In the heart of summer takes place arguably the most American of all holidays, Independence Day. With students now on break from school, many Americans will take advantage of the July 4th weekend to travel and most will do it by means of our nation’s highways. As Americans have increased their tolerance for spending in recent years, it is interesting to see how 2014 compares to years past and what has changed among people’s travel preferences. By analyzing trends in factors such as consumer spending and gas prices, we can get a better sense of how travel during one of summer’s biggest holidays has evolved.
Per AAA’s Independence Day Travel Forecast, an estimated 34.8 million people will choose to get away by driving 50 miles or more from home during the period between July 2nd and July 6th, the highest figure in seven years. Including air travelers, the number of people taking trips during the Independence Day weekend is expected to reach 41 million, a 1.9 percent increase over last year. This will mark the fourth time travel volume has increased during the July 4th celebration out of the last five years and this year is projected to be over six percent higher than the last 10 years, on average.
As opposed to income growth driving consumer spending, it is an increase in credit that is leading to more people to travel over the holiday. That means consumers have relaxed their spending habits over time after having tightened their wallets during the midst of the recession. This change in mindset is also captured with regards to gasoline prices in June 2014’s edition of NADA Perspective, which reviews the market for hybrid electric vehicles. Between 2011 and 2013, the cost for fuel averaged $3.55 per gallon and was relatively volatile at 13 cents per month as both figures grew to three times that which was recorded in the 1990s and early 2000s. Despite an initial jump in hybrid demand resulting from high sensitivity to gas prices, the market has softened as consumers gradually adjusted their expectations and household budgets in the face of rising fuel costs.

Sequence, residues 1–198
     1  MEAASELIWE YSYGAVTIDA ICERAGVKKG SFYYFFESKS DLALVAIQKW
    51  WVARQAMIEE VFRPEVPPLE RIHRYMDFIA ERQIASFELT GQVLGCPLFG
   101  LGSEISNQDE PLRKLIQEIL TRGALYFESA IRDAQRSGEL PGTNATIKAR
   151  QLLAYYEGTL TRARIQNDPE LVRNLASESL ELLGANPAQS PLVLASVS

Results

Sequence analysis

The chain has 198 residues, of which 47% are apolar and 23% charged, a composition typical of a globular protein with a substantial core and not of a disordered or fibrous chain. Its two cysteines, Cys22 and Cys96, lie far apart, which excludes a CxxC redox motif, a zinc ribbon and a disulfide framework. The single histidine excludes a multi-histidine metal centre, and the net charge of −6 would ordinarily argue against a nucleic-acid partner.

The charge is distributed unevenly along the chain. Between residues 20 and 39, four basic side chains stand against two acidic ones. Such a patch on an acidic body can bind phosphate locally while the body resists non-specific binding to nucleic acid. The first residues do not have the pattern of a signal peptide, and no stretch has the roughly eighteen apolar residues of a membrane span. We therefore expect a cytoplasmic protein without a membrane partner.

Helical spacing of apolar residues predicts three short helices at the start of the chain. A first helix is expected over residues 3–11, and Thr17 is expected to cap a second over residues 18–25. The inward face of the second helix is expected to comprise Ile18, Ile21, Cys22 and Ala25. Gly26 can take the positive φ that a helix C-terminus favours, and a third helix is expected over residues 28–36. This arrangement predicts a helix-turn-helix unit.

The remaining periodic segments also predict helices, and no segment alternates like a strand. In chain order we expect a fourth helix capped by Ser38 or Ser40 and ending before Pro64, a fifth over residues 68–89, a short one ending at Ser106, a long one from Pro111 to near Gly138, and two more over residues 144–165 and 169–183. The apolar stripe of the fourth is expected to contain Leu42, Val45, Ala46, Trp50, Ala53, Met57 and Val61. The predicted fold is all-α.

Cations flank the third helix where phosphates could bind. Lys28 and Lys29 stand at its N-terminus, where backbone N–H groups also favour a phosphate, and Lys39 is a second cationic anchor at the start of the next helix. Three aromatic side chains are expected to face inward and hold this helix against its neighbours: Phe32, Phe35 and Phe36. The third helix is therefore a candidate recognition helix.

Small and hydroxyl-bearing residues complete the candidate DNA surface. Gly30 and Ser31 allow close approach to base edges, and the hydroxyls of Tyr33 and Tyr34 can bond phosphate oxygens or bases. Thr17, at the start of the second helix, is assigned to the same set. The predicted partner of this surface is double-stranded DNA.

Both a willingness to utilize credit in addition to consumers’ reduced sensitivity to high gas prices are underlying factors contributing to the higher travel volume expected over the weekend. This is significant because AAA predicts the upcoming Independence Day will see the majority of U.S. drivers pay more for gas than they have in the last six years. The national average cost of fuel is currently 20 cents per gallon higher than it was last July 4th, when it was $3.48 per gallon, as a result of the conflict in Iraq negatively affecting crude oil costs. Instead of causing many consumers to modify their travel plans, however, a reduction in activities such as shopping or dining could be exhibited.
Now that the recession is further in the back of people’s minds, Americans are beginning to shift their priorities and adjust their lifestyles accordingly. While the cost of travel is higher this Independence Day, people are now favoring the utility gained from summer travel after years of cutting back. Regardless of the economic conditions, though, sometimes you need to live a little and taking a nice summer road trip is surely a great way to do so.